It doesn't happen in every church (thanks be to God!) but I see it a lot: one person or small group attempting to exercise power over others by saying things like: "Well, if we do that, we’re taking our checkbooks and leaving." 


By using threats, these people are attempting to wield power in the most unhealthy of ways. And, most of the time, they will be successful in their threats because church people fear conflict and division and pastors don't want to be viewed as the reason people leave church. And so, the threat succeeds and the disgruntled people get their way. 


The church and its future are now held hostage by not only these folks, but also by anyone else who comes along using the same tactic.  This can go on for decades, keeping the church in a fearful holding pattern where it sacrifices risk for the sake of keeping a false sense of peace.


What's more, in the heat of the moment, most people are afraid to speak up.  We don't want anyone to get hurt or leave especially if the person is a "pillar of the church."  Well-meaning church folks fall silent because they fear it would damage the church for such a division to take place.  


And yet, when we step back and look at the situation, we can see it for what it is:  childish schoolyard behavior.  Immaturity.  One person attempting to get his or her way by pushing others around.  Bullying.


Tell us, have you seen this behavior in your church?  What has been your response?





A big SALT thank you to Matt Rosine - minister, congregational consultant for Church Extension, and student of Jesus - for this important and provocative post.  You can read more of Matt's writing over at Mosaic.  


Also, a big thank you to The Bully Project for their important and hard work.  This brave, must-see film is coming to DVD in 2013.  Why not plan a viewing party at your church?!


an epic welcome

Everyone over at SALT is loving the welcome statement adopted by Our Lady of Lourdes Catholic Community in Daytona Beach, Florida.  

Jon Acuff, author of Stuff Christians Like, said this about their radical, quirky, and thought-provoking statement: "Bravo to Our Lady of Lourdes Catholic Community! This should be made into a poster and hung in church offices around the world."

So, without further adieu, here it is: 

We extend a special welcome to those who are single, married, divorced, gay, filthy rich, dirt poor, yo no habla Ingles. We extend a special welcome to those who are crying new-borns, skinny as a rail or could afford to lose a few pounds.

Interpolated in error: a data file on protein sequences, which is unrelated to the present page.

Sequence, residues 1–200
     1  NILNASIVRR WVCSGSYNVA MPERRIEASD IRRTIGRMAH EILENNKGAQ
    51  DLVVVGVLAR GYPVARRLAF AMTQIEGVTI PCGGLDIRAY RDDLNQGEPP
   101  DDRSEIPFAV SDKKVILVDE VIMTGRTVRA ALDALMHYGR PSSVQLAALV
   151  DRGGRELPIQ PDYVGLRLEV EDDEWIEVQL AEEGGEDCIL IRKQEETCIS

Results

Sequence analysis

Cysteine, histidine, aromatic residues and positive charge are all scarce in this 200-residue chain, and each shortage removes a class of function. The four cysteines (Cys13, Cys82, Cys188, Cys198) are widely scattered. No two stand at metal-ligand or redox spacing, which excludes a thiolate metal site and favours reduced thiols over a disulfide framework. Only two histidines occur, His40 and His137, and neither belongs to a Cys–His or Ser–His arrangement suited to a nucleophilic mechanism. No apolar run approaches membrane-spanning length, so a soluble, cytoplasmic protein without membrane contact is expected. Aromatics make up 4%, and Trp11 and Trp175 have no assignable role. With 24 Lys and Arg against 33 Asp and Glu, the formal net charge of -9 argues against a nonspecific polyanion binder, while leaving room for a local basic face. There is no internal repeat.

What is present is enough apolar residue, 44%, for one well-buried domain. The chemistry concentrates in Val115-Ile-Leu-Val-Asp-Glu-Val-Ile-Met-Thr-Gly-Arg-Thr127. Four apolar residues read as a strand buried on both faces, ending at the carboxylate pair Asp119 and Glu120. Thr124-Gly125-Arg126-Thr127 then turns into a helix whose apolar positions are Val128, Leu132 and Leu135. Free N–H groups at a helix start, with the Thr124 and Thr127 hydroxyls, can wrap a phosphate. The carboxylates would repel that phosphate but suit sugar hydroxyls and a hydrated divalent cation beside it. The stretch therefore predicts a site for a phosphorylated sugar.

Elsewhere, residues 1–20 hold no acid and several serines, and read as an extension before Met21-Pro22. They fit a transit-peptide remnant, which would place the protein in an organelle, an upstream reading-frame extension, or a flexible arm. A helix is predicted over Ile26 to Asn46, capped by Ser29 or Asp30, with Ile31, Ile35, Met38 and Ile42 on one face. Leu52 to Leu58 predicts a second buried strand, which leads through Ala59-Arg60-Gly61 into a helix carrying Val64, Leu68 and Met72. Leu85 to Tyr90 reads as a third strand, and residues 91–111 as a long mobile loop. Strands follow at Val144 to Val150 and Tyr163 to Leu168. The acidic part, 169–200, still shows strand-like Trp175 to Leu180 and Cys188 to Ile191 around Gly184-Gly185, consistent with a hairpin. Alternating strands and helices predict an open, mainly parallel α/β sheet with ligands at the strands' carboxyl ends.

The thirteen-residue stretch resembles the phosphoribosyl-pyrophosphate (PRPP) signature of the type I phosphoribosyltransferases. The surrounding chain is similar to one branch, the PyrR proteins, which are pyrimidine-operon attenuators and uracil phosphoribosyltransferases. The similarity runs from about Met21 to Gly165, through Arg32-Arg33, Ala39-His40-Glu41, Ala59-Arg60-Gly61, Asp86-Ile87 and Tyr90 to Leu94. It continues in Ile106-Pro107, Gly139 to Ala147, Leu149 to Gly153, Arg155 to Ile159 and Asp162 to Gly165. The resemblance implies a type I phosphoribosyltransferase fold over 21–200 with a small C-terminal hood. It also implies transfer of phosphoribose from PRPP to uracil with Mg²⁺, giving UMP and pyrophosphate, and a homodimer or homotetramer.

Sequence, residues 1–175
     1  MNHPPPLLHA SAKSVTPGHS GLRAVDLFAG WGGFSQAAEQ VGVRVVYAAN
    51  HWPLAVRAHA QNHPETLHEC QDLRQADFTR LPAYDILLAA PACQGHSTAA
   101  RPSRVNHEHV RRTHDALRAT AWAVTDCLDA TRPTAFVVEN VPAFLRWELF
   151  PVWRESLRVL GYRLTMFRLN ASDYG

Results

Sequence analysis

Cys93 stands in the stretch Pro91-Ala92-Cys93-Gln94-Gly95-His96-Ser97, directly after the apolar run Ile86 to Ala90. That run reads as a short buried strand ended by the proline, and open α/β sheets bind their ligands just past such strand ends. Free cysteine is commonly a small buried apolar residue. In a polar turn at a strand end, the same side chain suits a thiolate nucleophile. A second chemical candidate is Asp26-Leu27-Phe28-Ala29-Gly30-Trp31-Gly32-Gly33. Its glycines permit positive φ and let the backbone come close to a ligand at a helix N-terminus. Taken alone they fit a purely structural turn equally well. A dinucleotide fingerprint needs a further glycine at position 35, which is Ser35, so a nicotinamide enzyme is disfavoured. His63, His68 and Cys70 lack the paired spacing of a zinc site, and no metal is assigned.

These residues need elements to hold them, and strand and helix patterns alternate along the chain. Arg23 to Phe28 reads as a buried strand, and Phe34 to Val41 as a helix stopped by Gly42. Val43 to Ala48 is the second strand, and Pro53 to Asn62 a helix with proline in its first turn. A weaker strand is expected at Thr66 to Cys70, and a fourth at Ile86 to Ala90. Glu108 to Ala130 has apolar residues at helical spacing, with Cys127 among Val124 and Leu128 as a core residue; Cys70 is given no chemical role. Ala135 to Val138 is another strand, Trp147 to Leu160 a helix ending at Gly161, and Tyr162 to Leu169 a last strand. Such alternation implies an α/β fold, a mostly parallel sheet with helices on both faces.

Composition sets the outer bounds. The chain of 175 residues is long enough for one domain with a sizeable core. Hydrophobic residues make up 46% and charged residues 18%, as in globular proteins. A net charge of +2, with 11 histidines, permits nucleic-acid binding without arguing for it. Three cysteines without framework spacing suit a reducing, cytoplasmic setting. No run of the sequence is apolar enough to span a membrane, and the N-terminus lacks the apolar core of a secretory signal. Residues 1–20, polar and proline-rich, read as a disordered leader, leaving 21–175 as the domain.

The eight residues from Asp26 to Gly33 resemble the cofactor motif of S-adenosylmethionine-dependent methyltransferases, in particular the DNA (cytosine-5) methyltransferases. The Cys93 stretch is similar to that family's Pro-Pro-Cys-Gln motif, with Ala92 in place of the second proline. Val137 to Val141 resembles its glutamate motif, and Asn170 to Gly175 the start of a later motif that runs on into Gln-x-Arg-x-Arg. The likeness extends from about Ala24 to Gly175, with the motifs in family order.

We welcome you if you can sing like Andrea Bocelli or like our pastor who can’t carry a note in a bucket. You’re welcome here if you’re “just browsing,” just woke up or just got out of jail. We don’t care if you’re more Catholic than the Pope, or haven’t been in church since little Joey’s Baptism.

We extend a special welcome to those who are over 60 but not grown up yet, and to teenagers who are growing up too fast. We welcome soccer moms, NASCAR dads, starving artists, tree-huggers, latte-sippers, vegetarians, junk-food eaters. We welcome those who are in recovery or still addicted. We welcome you if you’re having problems or you’re down in the dumps or if you don’t like “organized religion,” we’ve been there too.

If you blew all your offering money at the dog track, you’re welcome here. We offer a special welcome to those who think the earth is flat, work too hard, don’t work, can’t spell, or because grandma is in town and wanted to go to church.

We welcome those who are inked, pierced or both. We offer a special welcome to those who could use a prayer right now, had religion shoved down your throat as a kid or got lost in traffic and wound up here by mistake. We welcome tourists, seekers and doubters, bleeding hearts … and you!

Tell us, what do you think?  Do you like it?  Do you love it?  Does it leave something to be desired?  Does your church have a welcome statement?  Something printed in the bulletin or read from the pulpit?  Tell us, tell us, tell us, we want to know...


Thanks to Ramesh NG for this colorful and quirky welcome sign.